Title: Gurus of Chaos – Modern India’s Money Masters
Author: Saurabh Mukherjea
Publisher: Bloomsbury India
Price: Rs. 350
Reviewed By: Sonia Gandhi, CFA
An enormous amount of unwarranted noise and chatter coupled with several other unique challenges, makes India a tough market to invest in. Leveraging on his decade of experience in the stock markets, Saurabh Mukherjea juxtaposes his learnings along with the collective wisdom of seven of India’s elite investors to write ‘Gurus of chaos- Modern India’s Money Masters’. Saurabh delves into the minds of seven veterans of the Indian Investment management Industry and tries to understand what makes them so successful. He sketches a nice little background helping the reader understand their journey, mistakes made and lessons learnt. He also uses his knowledge of stock markets to lay down some simple rules for successful long term investing in India.
The author sets the tone in the prologue, by giving example of massive value destruction by an Indian private sector utility company, who’s IPO had created mass hysteria. The reader’s attention is instantly drawn to the unique challenges of investing in the Indian market. Numerous such issues are discussed in the following chapters. How the seven veterans evolved their unique style of investing while dealing with these challenges is the crux of their detailed interviews. Each chapter discusses some aspect of investing along with interviews with one or two of the gurus, to put things in a practical context. Saurabh has also liberally used quotes from Money Managers across the globe, to either corroborate what has been stated or to provide a useful context.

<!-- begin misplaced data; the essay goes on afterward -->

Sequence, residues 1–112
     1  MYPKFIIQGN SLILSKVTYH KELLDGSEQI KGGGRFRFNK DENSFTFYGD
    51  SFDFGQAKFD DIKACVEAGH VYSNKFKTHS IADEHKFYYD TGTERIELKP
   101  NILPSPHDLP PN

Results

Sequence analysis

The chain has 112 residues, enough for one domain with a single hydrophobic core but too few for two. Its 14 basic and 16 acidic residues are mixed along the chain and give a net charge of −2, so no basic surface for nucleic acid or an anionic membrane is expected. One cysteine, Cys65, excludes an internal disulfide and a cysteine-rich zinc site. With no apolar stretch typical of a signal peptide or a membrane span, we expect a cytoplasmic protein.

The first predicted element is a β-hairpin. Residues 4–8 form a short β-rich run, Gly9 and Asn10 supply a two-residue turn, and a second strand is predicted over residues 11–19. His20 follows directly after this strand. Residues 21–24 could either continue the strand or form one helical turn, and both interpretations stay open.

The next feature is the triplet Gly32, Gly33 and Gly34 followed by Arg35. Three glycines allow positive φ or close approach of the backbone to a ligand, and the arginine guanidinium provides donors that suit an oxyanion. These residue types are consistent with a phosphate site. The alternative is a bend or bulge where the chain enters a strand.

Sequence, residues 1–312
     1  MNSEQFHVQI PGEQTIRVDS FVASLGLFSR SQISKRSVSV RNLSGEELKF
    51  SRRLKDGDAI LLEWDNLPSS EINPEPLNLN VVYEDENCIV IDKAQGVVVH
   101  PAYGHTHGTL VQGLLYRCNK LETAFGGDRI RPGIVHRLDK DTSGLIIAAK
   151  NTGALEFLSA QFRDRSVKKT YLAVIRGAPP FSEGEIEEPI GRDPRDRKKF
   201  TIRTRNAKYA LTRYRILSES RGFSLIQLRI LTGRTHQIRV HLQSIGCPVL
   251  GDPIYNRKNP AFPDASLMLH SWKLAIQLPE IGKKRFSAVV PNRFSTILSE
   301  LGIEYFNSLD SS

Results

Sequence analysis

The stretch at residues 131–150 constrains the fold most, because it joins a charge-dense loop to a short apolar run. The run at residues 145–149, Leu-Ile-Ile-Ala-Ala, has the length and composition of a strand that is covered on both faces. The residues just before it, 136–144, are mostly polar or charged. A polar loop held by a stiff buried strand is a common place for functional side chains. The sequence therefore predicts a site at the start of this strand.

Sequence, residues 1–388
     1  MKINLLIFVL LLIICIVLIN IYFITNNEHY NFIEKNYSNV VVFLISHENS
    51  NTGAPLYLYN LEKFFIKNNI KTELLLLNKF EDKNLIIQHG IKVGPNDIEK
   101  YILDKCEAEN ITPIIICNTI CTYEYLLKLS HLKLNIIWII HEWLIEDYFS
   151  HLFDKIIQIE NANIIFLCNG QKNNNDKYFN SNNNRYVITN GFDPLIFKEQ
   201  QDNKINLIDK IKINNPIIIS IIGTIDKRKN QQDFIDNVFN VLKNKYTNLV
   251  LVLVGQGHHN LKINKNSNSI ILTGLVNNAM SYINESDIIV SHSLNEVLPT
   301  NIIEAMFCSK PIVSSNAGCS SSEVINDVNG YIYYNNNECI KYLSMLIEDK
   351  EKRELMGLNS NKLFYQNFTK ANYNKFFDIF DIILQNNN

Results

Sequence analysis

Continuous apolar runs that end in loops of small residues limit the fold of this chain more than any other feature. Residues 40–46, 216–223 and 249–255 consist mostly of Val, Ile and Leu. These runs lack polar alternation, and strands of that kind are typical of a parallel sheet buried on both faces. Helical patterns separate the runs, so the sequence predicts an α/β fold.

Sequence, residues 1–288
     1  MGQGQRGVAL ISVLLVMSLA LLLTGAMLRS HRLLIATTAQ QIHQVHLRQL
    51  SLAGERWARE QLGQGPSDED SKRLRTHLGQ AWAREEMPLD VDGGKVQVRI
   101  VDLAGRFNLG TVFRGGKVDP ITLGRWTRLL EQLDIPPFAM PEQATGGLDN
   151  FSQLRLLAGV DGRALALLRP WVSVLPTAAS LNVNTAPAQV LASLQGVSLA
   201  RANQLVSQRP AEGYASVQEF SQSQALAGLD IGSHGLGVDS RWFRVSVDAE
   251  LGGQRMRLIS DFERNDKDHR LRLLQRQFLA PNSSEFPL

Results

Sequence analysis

In the first chapter Saurabh discusses the three key traits of successful fund managers- intense training over long years in analyzing companies, an obsessive focus on intellectual integrity and the ability to deal with greed and fear. The subsequent three chapters delve in-depth in each of these traits. He specifies four key areas of research focus– the strength of the franchise, the quality of the financial statements, promoter’s competence and promoter’s integrity. The concept of franchise strength is further explained in terms of a combination of brands and reputation, firm architecture, and innovation. Throughout, there are engaging examples and case studies of Indian companies. Anyone looking to invest in India will find it useful to spend time on the section on quality of financial statements, promoter’s competence and integrity. The author highlights various red flags to watch out for and some basic techniques and number crunching tools to spot the same. He also states three simple rules for buying which relate to understanding of business model; cash flow generation along with high ROCE; and margin of safety.
The last two chapters take the reader through the science of the brain and its impact on decision making. Author discusses five traits of successful fund managers- skepticism, risk aversion, an open mind, patience & preparedness and differentiated thinking and whether these traits can be acquired overtime. Some useful tips are dispensed and author uses his own case study to corroborate the same.